Breaking Boundaries: Can We Bridge the Quantitative Versus Qualitative Divide Through the Study of Entertainment and Politics?

Michael X. Delli Carpini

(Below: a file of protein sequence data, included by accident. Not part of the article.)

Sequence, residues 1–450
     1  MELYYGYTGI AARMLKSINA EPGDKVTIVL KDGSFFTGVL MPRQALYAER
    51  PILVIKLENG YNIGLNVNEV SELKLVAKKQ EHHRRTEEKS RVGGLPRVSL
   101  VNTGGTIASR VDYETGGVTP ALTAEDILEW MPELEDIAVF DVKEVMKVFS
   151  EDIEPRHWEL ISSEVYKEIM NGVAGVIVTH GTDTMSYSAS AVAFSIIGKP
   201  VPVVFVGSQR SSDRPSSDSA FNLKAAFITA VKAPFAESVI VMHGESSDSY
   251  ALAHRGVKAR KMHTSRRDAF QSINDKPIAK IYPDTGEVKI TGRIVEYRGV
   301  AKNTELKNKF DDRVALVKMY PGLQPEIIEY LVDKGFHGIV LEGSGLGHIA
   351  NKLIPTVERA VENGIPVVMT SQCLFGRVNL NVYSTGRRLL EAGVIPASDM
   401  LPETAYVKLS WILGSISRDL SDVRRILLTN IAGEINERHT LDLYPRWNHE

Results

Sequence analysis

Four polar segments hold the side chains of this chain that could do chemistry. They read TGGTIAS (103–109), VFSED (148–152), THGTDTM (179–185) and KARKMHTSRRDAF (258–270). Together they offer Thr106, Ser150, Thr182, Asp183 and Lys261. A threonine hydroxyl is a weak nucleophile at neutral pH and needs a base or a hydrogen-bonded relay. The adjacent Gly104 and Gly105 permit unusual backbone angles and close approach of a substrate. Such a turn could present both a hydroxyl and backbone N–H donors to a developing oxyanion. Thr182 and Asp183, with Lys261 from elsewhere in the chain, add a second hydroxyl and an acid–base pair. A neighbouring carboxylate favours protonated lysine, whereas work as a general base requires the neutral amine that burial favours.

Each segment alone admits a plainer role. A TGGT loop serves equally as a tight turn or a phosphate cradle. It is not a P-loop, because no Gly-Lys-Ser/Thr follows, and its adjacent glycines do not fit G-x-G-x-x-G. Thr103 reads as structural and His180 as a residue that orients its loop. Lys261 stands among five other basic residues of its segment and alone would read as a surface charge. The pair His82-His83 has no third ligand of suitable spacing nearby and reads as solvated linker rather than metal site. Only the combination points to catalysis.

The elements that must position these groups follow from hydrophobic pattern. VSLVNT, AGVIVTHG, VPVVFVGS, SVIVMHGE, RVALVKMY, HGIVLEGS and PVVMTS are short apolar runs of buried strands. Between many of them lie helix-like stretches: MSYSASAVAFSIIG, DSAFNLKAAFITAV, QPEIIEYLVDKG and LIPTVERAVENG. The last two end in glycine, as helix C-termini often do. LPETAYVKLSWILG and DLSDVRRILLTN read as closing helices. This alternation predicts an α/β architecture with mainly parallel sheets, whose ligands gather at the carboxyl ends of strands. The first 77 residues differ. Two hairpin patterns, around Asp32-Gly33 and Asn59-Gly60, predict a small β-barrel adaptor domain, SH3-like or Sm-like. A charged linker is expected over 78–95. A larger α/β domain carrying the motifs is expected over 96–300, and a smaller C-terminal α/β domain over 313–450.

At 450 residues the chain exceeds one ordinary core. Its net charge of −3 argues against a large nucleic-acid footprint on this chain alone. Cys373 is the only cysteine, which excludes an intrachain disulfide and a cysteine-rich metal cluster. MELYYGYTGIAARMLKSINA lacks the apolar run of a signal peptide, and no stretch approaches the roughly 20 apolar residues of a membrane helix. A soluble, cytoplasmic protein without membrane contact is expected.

The breaking of boundaries extends to those among different theoretical and methodological traditions. In this essay, I attempt to clarify and critically assess two such divides: those between “positivism,” “critical studies,” and “cultural studies”; and the related but distinct divide between quantitative and qualitative research. Drawing on and critiquing Anderson and Baym, I make the case that (a) positivism has potential as a complement and supplement to, and perhaps even a collaborator with, critical and cultural studies; (b) quantitative methods, once untangled from some of positivism’s more restrictive tenets, can be a useful tool for critical and cultural studies scholarship; and (c) the study of entertainment and politics may provide a unique opportunity for rethinking some of our field’s reified boundaries in ways that could produce a more integrated approach to the study of media and politics.

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